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Tiresias: The Ancient Mediterranean Religions Source Database



7234
Josephus Flavius, Jewish Antiquities, 15.252-15.256


φονεύει δὲ καὶ τοὺς ἀναγκαιοτάτους αὐτῷ φίλους Κοστόβαρον καὶ Λυσίμαχον καὶ τὸν Γαδία καλούμενον ̓Αντίπατρον ἔτι δὲ Δοσίθεον ἐξ αἰτίας τοιαύτης:He also slew the most intimate of his friends, Costobarus, and Lysimachus, and Gadias, who was also called Antipater; as also Dositheus, and that upon the following occasion.


Κοστόβαρος ἦν γένει μὲν ̓Ιδουμαῖος, ἀξιώματος τῶν πρώτων παρ' αὐτοῖς καὶ προγόνων ἱερατευσάντων τῷ Κωζαι: θεὸν δὲ τοῦτον ̓Ιδουμαῖοι νομίζουσιν.9. Costobarus was an Idumean by birth, and one of principal dignity among them, and one whose ancestors had been priests to the Koze, whom the Idumeans had [formerly] esteemed as a god;


̔Υρκανοῦ δὲ τὴν πολιτείαν αὐτῶν εἰς τὰ ̓Ιουδαίων ἔθη καὶ νόμιμα μεταστήσαντος ̔Ηρώδης παραλαβὼν τὴν βασιλείαν ἄρχοντα τῆς ̓Ιδουμαίας καὶ Γάζης ἀποδείκνυσιν τὸν Κοστόβαρον καὶ δίδωσιν αὐτῷ τὴν ἀδελφὴν Σαλώμην ̓Ιώσηπον ἀνελὼν τὸν εἰληφότα πρότερον αὐτήν, ὡς ἐδηλώσαμεν.but after Hyrcanus had made a change in their political government, and made them receive the Jewish customs and law, Herod made Costobarus governor of Idumea and Gaza, and gave him his sister Salome to wife; and this was upon the slaughter of [his uncle] Joseph, who had that government before, as we have related already.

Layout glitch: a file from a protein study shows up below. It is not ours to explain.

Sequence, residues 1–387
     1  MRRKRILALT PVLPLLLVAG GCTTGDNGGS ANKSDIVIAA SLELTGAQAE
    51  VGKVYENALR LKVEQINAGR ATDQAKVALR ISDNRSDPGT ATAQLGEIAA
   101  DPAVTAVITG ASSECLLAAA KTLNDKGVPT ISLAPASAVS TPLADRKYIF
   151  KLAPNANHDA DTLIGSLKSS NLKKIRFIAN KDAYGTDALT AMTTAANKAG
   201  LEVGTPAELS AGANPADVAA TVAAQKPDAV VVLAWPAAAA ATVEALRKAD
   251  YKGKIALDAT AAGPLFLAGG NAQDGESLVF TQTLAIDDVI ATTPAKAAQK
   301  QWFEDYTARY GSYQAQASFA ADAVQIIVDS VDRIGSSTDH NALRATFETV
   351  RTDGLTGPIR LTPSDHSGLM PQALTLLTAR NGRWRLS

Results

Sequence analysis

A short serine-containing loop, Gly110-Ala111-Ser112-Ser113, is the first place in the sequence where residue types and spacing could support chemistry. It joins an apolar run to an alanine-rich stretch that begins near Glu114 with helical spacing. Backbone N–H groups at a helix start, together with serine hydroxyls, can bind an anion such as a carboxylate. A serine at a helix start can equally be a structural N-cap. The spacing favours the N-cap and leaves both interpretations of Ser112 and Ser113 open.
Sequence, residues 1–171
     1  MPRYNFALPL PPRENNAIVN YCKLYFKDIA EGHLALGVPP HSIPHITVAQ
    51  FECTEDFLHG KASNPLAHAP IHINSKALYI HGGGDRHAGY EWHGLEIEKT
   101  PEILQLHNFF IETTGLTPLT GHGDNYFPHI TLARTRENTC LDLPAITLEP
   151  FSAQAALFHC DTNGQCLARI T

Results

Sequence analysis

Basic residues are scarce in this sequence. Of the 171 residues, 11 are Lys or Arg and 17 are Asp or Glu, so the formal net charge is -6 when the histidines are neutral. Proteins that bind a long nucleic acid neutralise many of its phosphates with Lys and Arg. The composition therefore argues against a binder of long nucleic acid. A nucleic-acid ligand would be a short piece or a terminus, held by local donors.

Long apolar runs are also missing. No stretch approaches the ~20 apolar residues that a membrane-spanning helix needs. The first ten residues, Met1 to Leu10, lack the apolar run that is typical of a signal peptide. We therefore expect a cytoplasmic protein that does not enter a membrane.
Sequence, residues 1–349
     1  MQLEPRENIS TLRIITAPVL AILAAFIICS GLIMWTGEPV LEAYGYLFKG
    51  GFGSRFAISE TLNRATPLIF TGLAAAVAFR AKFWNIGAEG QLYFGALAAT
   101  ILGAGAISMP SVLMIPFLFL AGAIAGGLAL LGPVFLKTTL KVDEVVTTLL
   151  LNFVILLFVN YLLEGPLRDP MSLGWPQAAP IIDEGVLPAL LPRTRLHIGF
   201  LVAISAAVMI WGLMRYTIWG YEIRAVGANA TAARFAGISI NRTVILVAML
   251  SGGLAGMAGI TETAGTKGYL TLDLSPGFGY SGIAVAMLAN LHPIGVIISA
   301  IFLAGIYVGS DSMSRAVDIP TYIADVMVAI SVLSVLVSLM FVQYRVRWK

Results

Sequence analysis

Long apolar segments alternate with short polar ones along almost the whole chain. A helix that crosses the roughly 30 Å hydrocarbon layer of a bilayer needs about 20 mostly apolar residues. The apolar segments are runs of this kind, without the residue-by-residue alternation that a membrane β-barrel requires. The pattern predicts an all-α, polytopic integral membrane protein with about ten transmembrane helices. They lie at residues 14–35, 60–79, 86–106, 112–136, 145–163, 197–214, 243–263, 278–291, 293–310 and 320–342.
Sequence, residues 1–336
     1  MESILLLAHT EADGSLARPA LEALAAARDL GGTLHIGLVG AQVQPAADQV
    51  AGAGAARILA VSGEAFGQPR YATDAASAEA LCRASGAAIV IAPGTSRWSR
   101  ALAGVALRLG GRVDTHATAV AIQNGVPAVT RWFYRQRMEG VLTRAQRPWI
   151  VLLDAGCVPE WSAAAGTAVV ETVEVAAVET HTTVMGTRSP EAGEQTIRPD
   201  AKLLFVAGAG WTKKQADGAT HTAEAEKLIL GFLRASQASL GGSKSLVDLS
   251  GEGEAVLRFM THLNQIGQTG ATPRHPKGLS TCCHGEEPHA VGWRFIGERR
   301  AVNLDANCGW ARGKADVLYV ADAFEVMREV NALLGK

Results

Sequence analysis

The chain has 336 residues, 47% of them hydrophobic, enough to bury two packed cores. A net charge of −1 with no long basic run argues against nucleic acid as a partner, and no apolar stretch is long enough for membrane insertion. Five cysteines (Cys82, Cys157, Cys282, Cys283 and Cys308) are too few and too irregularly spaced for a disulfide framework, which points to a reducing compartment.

Κοστόβαρος δὲ τούτων τυχὼν ἀσμένως καὶ παρὰ δόξαν ἤρθη μᾶλλον ὑπὸ τῆς εὐτυχίας καὶ κατὰ μικρὸν ἐξέβαινεν, οὔθ' αὑτῷ καλὸν ἡγούμενος ἄρχοντος ̔Ηρώδου τὸ προσταττόμενον ποιεῖν οὔτε τοῖς ̓Ιδουμαίοις τὰ ̓Ιουδαίων μεταλαβοῦσιν ὑπ' ἐκείνοις εἶναι.When Costobarus had gotten to be so highly advanced, it pleased him and was more than he hoped for, and he was more and more puffed up by his good success, and in a little while he exceeded all bounds, and did not think fit to obey what Herod, as their ruler, commanded him, or that the Idumeans should make use of the Jewish customs, or be subject to them.


καὶ διαπέμπεται πρὸς Κλεοπάτραν τὴν ̓Ιδουμαίαν φάμενος ἀεὶ τῶν ἐκείνης προγόνων γεγενῆσθαι, καὶ διὰ τοῦτ' εἶναι δίκαιον αἰτεῖσθαι παρ' ̓Αντωνίου τὴν χώραν: αὐτὸς γὰρ ἕτοιμος εἶναι μεταφέρειν τὴν εὔνοιαν εἰς ἐκείνην.He therefore sent to Cleopatra, and informed her that the Idumeans had been always under his progenitors, and that for the same reason it was but just that she should desire that country for him of Antony, for that he was ready to transfer his friendship to her;


Intertexts (texts cited often on the same page as the searched text):

2 results
1. Josephus Flavius, Jewish Antiquities, 14.302, 14.307, 14.327-14.328, 15.168-15.172, 15.253-15.258, 15.260, 15.266 (1st cent. CE - 1st cent. CE)